Rogene Robbins is an author, artist, gluten free home cook and student of positive thinking and spirituality. Her writing is inspired by personal experience, faith and the desire to teach and help people. She lives on the shores of Grand Lake O the Cherokee with her husband Bob and their fur child Callie where they enjoy a quiet life with beautiful sunrises and sunsets.
She has written four books. The first, Creating a Successful Craft Business inspired by her personal experience in the craft business, was traditionally published by Allworth Press/Skyhorse Publishing in 2003. The last three, Frozen Fun! 25 Dairy and Dairy Free Ice Cream Recipes, Have Yourself a Healthy Little Holiday and The Gluten Free Good Life are self published as Amazon Kindle e-books. She is also the has a daily blog Espirational: A 10 Minute Vacation for the Soul.
What inspires you to write?
As a non-fiction writer what inspires me to write is helping people. Whether writing about how to start a craft business, eating and cooking with food restrictions or positive thinking and spirituality my goal is to show how it is possible to use creativity to make life better.
Tell us about your writing process.
As a non-fiction writer I am a bit of an outliner and a bit of a seat of the pants writer. It all start with an idea that won't leave me alone. Then I make a rough outline with basic chapter titles and do my research. But when it comes to the actual writing I pretty much let it fly, changing and adding chapters as needed.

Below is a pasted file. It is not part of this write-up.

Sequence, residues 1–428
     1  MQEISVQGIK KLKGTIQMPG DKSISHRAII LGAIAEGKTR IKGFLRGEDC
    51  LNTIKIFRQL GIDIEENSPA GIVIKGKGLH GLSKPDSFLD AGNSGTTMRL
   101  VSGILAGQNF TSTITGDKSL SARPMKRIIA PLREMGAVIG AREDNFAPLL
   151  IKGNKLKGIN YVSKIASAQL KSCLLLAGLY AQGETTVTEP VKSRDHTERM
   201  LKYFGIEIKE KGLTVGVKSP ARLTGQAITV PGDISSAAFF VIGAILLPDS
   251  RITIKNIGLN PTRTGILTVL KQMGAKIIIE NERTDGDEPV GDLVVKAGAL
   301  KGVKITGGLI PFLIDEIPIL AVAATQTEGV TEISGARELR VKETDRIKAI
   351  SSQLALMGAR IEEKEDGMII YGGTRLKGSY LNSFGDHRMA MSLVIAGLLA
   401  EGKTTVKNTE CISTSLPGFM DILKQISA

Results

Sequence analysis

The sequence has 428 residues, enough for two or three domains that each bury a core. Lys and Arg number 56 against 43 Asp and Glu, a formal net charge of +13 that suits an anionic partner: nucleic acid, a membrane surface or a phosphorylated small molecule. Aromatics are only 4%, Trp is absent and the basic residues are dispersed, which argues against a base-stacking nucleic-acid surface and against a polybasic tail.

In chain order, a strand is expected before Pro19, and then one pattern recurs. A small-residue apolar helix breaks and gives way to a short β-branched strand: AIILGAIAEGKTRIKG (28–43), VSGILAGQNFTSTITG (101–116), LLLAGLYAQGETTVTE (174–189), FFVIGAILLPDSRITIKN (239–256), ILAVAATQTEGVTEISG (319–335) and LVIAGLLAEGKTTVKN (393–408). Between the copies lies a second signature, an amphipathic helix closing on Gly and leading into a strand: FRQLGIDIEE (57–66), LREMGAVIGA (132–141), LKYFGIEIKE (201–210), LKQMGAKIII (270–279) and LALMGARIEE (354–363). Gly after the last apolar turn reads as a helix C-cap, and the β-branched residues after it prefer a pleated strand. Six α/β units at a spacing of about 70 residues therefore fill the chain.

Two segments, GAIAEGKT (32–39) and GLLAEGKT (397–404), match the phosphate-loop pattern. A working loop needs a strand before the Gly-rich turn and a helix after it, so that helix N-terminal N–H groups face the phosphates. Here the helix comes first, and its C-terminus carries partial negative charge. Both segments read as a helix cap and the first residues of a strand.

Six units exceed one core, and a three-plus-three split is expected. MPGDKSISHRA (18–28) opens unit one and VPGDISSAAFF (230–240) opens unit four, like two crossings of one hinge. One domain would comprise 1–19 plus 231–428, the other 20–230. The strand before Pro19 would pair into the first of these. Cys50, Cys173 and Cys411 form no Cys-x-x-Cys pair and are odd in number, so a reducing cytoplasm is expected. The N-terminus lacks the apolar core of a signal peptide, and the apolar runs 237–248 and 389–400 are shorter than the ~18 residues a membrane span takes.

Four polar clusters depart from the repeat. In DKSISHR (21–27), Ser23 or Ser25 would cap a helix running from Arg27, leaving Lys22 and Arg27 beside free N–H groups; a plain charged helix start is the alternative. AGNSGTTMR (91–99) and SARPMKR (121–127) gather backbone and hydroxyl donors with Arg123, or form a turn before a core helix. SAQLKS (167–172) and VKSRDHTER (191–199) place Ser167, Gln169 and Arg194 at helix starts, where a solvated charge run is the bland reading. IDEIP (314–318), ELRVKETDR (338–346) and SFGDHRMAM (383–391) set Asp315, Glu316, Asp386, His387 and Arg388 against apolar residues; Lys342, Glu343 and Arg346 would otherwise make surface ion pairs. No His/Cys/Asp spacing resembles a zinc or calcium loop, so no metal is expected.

Who are your favorite authors?
I read a lot of non-fiction. My favorite writers in that genre are Barbara Brabec and Dr. Susan Jeffers. I also read poetry including Kalhil Gibran and Mary Oliver.
How did you decide how to publish your books?
For my first book I wanted to go the traditional publishing route. I also wanted a New York publisher. It was a vanity thing for me. The first publisher I approached accepted my book after a requested rewrite. I appreciated the editorial assistance and they made my book better than I had ever imagined.
For my books after that I decided to go independent and publish e-books through Kindle. The reason for this is the publisher did very little to help promote my book. Learning to do my own promotion is an ongoing experience.
What do you think about the future of book publishing?
I think we will see fewer old style publishing houses. We are already seeing more people self publishing. In the future I think we will see people self-publishing and using the services of independent editors and publicists. While we will see more e-books, I don't believe print books will go away, at least not in the near future. I spend a lot of time in libraries and see them becoming active, thriving community centers with more activities, but people are still reading and checking out print books.
What genres do you write?
What formats are your books in?
All information is provided by the author and is presented as it was submitted so you the reader get to hear the author’s own “voice” in their interview.